Tuesday, April 29

Some Enchanted Evening

The other night my wife and I visited the basement of a local church to see the Rodgers & Hammerstein retrospective “A Grand Night for Singing”. Tickets were reasonably priced and it promised to be a night filled with many memorable tunes.

As I browsed the program while waiting for the show to begin I noticed one of the actors had appeared in a production of White Christmas. This is one of my favorite movies, starring Bing Crosby, Danny Kaye, Rosemary Clooney and Vera-Ellen.

“I didn’t know there was a stage version of White Christmas,” I mentioned to my wife.

“Well, I guess there is.”

“I’m pretty familiar with musicals, and I wasn’t aware of it,” I replied, perhaps a bit more snootily that I should have.

“Oh, you’re pretty familiar with musicals, eh?” She sounded skeptical.

“In many circles I’m known as ‘Mr. Theater’,” I said.

She may have muttered something about “Mr. Idiot”, but I couldn’t hear clearly because the show was starting.

It was a fine production. They covered all the Rodgers & Hammerstein classics. It was like a jukebox musical, only the jukebox was from 1953.

The songs were sequenced to represent the path that love takes, from the hopeful optimism of “Hello, Young Lovers” to the self conscious doubt of “If I Loved You” to the settled familiarity of “Something Wonderful”. I was also happy to hear “I Have Dreamed” because this particular number was sung at Mr. and Mrs. Theater’s wedding.

I have a small quibble with the change of “Oh, What A Beautiful Morning” to a minor key, since it made Curly sound a little like a serial killer, but otherwise the performances were outstanding.

Afterwards, while walking home, my wife said “Well, what did you think?”

“I thought it was great, but I wish they had sung that song about walking down the street in your neighborhood.”

“You mean ‘On The Street Where You Live’?”

“Yeah. I really like that song.”

“Yes, it’s a lovely song. Too bad it’s by Lerner and Loewe, not Rodgers and Hammerstein.”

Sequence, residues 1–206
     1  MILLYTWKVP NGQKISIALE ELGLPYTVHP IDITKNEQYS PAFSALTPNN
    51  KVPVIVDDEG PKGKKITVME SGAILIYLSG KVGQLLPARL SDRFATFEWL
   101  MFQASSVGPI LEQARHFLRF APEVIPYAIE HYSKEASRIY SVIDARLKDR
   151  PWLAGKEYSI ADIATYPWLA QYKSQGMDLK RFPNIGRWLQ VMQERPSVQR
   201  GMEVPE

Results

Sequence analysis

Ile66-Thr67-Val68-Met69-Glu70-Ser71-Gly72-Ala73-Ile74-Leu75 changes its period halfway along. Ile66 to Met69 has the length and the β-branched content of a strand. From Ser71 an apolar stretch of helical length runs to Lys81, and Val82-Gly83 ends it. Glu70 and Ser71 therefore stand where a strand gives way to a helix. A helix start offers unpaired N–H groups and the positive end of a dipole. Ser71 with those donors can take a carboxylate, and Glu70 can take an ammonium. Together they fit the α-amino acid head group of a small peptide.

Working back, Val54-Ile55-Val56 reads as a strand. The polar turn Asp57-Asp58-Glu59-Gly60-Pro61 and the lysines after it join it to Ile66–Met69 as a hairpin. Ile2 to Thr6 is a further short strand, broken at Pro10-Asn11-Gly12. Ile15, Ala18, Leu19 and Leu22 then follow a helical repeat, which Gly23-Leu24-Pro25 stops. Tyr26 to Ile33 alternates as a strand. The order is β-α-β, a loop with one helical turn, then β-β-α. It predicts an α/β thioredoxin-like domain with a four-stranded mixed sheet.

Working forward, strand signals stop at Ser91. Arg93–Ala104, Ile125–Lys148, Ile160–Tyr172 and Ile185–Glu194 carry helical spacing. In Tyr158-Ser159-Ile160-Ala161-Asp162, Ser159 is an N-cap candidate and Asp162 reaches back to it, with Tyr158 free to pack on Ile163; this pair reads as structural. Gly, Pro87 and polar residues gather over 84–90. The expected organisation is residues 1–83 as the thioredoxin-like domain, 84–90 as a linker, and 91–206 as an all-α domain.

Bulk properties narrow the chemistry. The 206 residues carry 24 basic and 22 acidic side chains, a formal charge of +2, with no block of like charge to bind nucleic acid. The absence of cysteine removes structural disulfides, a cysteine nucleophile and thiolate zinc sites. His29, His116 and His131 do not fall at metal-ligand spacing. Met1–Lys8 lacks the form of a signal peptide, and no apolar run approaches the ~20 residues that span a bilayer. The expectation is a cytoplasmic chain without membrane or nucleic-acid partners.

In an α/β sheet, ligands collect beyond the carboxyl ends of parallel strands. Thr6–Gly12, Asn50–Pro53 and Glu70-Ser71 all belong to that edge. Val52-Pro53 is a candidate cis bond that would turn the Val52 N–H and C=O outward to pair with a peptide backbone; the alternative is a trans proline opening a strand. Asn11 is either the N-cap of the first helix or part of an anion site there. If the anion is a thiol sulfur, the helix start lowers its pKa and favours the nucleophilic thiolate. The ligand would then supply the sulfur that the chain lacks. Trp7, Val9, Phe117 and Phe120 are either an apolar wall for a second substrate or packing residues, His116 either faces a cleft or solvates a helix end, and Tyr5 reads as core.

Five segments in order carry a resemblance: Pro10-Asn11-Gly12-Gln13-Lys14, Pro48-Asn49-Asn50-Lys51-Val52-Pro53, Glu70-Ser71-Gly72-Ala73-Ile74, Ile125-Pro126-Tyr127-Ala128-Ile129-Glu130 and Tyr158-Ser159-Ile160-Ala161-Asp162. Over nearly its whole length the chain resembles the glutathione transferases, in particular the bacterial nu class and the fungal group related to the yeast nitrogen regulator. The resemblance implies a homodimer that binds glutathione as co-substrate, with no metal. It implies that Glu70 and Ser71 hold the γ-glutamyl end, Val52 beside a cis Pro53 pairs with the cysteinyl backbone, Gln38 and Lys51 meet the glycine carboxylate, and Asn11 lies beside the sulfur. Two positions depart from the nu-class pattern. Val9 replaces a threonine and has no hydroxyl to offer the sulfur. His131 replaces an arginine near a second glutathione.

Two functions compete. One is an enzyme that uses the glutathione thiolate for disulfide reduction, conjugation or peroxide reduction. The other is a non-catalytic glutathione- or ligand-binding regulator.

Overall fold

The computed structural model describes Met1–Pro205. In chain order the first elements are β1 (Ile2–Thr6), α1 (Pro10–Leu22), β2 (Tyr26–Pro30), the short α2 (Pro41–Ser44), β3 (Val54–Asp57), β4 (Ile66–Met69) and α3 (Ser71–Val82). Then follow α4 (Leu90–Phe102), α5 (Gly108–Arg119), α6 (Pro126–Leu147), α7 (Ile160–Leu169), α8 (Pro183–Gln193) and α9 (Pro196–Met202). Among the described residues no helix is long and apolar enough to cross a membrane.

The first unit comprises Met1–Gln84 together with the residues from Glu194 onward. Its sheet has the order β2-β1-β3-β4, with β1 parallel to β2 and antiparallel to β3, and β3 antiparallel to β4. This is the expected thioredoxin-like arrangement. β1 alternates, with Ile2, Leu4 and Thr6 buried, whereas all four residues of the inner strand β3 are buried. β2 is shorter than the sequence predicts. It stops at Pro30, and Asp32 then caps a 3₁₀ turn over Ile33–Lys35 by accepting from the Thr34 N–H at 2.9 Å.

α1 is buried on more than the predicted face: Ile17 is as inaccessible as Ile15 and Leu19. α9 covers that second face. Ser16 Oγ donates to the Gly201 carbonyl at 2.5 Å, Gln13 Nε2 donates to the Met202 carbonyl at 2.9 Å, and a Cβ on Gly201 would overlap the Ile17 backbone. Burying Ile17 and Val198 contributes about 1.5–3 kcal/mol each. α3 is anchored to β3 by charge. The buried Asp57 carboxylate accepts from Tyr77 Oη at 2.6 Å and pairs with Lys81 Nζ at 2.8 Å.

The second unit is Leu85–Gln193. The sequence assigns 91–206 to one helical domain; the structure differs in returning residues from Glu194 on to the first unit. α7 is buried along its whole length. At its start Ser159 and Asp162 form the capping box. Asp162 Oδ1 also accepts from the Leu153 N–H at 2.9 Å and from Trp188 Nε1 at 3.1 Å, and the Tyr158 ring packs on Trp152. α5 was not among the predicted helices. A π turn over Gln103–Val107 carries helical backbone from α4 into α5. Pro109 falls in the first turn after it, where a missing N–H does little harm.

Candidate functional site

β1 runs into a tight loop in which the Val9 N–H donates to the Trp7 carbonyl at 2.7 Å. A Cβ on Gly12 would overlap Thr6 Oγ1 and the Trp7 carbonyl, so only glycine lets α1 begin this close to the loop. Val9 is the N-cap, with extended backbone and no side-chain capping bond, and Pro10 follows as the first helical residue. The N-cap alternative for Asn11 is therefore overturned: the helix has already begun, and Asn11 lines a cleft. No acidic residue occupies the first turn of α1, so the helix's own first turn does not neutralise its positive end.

Then she added, unnecessarily, I thought, “Mr. Theater”.


KathyR said...

Those sinister Oklahoma! songs. Did you ever watch the TV show "Twin Peaks?" I can't hear "Surrey With the Fringe On Top" without thinking of the dead girl in the trunk of the car!

Tallulah Morehead said...

WHITE CHRISTMAS has kind of a dopey story, with a lot of crapola sentimentality for the man who used to order the leads to kill people, or just march through mud in the rain. Great songs though. And Danny Kaye is ALMOST not insufferable in it, at least in his drag number with Bing.

Now then, Mr. Theater, "the hopeful optimism of 'Hello, Young Lovers'." HELLO YOUNG LOVERS is a song sung by a widow (And just for additional scariness, the widow is Boris Karloff's great-aunt, his grandmother's sister) essentially saying to Young Lovers: "Enjoy it now children, because in an eye-blink you'll be dried-up, old, and alone like me."

"The self conscious doubt of 'If I Loved You'." No, this song, is a tease from someone who can't commit, and alway contains the unsung "But I don't."

"The settled familiarity of 'Something Wonderful'," Oh this is a particualrly evil song. The first of a polygamist's many wives is saying "It doesn't matter what awful things he says or does to you, because every once in a long, long while, he'll stop abusing you long enough to say something nice." It's a song, like many, many of Oscar Hammerstein's sexist lyrics, for a dishrag with no self-esteem. It's every bit as bad as "What's the Use of Wondrin'" in Carrosel or "My Man" in SHOWBOAT.

As for “I Have Dreamed,” well, we all know what the doomed lover was doing with his hands while he fanatsized about Tuptim's arms. Ew! Romantisizing masturbatory fantaisies. Double yuck!

Give me Rogers & Hart anyday. WHERE OR WHEN, now THAT is a great song.

Tallulah Morehead said...
This comment has been removed by the author.
Tallulah Morehead said...

Oh, and I forgot to add the additional sentimental irony of HELLO YOUNG LOVERS: the young lovers don't end up old, dried-up, and alone, because by the end of the show they're both DEAD! In fact Tuptim gets burned at the stake, offstage. (Although in the earlier movie of ANNA AND THE KING OF SIAM, it happens onscreen.) Yes, what a touching little love song.

But they do all have the lovely music of Richard Rogers, a man who once famously said, "I can piss a melody."

As for ON THE STREET WHERE YOU LIVE, which Jeremy Brett lipsynchs so nicely to someone else's voice in L&L's MY FAIR LADY, it's a song sung by a stalker. It's creepy.